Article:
If consumed appropriately, carbohydrates make a great source of energy. Carbohydrates are classified into 2 main groups.

+ Simple carbohydrates such as White bread and spaghetti are digested easily and fast hence they fortify the insulin levels and direct more glycogen to the muscles. They also help in deriving amino acids from proteins which are used in muscle building.

+ Complex carbohydrates take long to be digested but they are a great source of long term energy. Arrowroots, brown bread are good examples of these complex carbohydrates.

4. Smoking and alcohol

Smoking limits oxygen supply to one’s body. Lack of oxygen in the blood and ultimately the heart will make you weak thus disorienting your workout program. Hemoglobin has a higher affinity for Carbon monoxide is a by product of tobacco. This prevents absorption of oxygen to the bloodstream.

Alcohol slows down metabolism and stops fat breakdown. It also causes dehydration, slows down protein synthesis and leads to low testosterone levels. All this harbor any meaningful bodybuilding.

5. Unregulated cardio

Integrating cardio improves one’s both the appetite and the cardiovascular system. All these are crucial in bodybuilding.
No cardio results in a poor cardiovascular system will cause one to fail to achieve their goals mostly because they are out of breath.
Too much cardio harbors muscle size and shape since too much energy is spent on cardio. A moderate cardio of say 20-30 minute periods a week maintains a good metabolism and functioning of the heart.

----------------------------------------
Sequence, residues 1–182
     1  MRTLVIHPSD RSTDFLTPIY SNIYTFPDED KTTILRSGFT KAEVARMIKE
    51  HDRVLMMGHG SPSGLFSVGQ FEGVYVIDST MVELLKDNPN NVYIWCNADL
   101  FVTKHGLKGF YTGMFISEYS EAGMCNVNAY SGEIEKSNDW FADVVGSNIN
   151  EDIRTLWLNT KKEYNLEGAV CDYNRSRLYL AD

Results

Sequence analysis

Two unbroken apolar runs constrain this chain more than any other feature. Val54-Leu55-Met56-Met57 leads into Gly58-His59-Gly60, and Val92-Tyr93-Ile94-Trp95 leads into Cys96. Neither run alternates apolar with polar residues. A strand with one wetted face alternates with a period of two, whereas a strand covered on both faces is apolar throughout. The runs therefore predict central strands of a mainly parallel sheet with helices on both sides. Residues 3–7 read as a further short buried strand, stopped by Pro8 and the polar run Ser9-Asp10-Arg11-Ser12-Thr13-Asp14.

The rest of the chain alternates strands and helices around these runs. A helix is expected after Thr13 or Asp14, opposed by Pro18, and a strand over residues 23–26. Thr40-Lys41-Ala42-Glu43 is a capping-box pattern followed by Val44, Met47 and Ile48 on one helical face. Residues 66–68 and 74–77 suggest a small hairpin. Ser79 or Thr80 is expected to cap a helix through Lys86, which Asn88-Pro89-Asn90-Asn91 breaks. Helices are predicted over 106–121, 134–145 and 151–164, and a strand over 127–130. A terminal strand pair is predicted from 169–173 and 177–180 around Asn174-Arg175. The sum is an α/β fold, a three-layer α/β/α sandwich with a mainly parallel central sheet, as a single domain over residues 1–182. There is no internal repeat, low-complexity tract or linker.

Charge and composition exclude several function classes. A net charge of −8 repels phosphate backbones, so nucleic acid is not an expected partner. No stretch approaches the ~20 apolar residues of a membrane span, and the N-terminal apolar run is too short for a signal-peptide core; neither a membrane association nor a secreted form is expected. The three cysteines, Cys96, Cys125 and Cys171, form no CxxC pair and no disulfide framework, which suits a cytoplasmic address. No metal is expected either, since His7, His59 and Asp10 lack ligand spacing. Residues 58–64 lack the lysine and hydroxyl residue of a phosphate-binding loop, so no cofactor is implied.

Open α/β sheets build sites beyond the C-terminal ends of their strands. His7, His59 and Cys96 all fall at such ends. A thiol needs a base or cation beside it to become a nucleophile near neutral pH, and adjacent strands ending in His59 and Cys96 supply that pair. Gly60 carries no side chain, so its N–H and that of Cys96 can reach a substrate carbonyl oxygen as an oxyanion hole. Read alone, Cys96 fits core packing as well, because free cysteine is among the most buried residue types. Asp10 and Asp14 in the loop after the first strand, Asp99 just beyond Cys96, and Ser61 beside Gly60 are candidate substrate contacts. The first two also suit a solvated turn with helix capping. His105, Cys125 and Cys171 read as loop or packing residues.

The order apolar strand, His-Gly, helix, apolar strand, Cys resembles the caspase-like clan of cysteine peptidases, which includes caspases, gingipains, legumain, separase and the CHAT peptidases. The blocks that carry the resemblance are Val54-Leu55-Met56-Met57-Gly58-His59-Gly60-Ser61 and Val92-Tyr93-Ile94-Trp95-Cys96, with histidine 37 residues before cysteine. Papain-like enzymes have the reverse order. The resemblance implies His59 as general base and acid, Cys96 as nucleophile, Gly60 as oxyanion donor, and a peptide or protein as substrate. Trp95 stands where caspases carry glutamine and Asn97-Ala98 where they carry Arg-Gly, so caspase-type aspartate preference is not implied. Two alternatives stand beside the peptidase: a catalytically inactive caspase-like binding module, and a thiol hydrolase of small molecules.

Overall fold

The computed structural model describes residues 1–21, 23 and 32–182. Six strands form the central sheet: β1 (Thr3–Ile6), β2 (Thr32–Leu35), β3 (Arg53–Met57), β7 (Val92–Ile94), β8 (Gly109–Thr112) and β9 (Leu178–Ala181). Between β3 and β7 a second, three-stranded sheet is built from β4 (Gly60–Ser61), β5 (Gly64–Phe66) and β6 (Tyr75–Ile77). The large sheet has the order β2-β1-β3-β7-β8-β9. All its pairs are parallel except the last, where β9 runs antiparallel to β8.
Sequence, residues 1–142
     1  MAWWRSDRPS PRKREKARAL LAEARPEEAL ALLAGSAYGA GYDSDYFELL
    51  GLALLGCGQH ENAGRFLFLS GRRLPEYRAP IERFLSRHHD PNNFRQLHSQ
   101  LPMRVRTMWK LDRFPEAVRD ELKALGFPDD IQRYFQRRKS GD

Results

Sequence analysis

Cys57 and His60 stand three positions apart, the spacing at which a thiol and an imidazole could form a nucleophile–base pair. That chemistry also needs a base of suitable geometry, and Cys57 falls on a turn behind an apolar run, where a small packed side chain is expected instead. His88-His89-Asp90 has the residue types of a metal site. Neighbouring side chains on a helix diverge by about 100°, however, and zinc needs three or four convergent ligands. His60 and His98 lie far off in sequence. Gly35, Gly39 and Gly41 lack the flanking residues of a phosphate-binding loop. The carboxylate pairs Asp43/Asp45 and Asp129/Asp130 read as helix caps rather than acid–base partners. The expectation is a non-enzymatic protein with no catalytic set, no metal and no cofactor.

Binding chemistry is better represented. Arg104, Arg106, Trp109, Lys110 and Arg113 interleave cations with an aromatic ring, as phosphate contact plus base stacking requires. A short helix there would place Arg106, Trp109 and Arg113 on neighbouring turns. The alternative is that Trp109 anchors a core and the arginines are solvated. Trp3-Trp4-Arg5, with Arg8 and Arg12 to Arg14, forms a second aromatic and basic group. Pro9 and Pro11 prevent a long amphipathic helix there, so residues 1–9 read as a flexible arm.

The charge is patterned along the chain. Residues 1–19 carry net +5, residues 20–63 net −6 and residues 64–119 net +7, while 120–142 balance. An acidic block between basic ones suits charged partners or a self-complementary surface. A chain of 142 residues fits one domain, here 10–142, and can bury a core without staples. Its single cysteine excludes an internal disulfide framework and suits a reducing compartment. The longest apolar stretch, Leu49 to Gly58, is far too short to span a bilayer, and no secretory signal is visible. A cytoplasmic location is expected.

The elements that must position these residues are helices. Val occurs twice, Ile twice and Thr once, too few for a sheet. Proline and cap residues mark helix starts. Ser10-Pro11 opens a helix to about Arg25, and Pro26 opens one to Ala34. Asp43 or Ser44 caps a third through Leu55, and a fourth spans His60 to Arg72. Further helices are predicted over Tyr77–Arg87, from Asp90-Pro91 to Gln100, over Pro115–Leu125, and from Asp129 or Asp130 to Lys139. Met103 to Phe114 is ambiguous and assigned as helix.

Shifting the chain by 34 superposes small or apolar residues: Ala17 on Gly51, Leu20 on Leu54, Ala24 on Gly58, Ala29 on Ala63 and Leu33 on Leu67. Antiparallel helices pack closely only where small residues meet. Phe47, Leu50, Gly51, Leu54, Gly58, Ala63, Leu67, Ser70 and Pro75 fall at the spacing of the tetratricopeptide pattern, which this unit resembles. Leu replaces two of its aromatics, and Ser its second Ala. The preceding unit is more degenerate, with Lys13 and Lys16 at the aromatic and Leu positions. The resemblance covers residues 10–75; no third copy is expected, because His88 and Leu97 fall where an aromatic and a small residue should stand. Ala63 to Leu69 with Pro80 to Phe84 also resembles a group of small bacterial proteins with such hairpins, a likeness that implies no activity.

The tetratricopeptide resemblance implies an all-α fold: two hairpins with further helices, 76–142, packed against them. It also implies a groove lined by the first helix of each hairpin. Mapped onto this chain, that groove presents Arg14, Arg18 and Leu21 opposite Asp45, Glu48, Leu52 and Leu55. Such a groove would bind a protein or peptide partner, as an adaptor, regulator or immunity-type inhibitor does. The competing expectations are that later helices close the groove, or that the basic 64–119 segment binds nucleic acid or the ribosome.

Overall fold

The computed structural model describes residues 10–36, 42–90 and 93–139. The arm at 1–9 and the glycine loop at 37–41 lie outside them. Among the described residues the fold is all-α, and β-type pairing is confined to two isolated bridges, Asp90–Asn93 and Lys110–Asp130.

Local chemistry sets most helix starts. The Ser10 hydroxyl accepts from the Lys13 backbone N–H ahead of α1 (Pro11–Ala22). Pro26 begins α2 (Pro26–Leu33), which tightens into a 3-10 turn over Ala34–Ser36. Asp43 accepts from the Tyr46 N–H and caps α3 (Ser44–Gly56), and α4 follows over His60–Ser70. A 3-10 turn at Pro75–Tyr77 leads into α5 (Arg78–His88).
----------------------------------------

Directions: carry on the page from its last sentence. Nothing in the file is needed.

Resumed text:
6. Excess exercise machine use

Workout machines are comfortable and easy to use but the free weights basics with dumbbells like rows and squats are the best. Free weights train most muscle fiber leading to best muscle growth. Exhaust as much energy with free-weights before engaging the machines.

7. Little rest

Working out tears muscle tissue. The body requires recovery time to repair the worn out tissue. Lack of rest cancels out any meaningful muscle growth.

8. Weight control

One should focus more on muscle mass development and not how weight one has put on. Weight increment mostly indicates increased body fat. Men tend to relate muscle growth to increasing weight. Women tend to stop eating as much to avoid gaining weight. All these harbor muscle improvement.

9. Misplaced goals

What are you aiming for in bodybuilding? Is one doing this for competitive reasons, keeping fit or just to impress? Making short and long term goals will assist one to keep focused on what one is aiming for.

10.Irregular meal times

The body needs proteins every 2 to 3 hours. This will keep the body from eating away at already formed muscles. Keep to strict eating times to ensure the body has enough amino acids reserves until the next meal.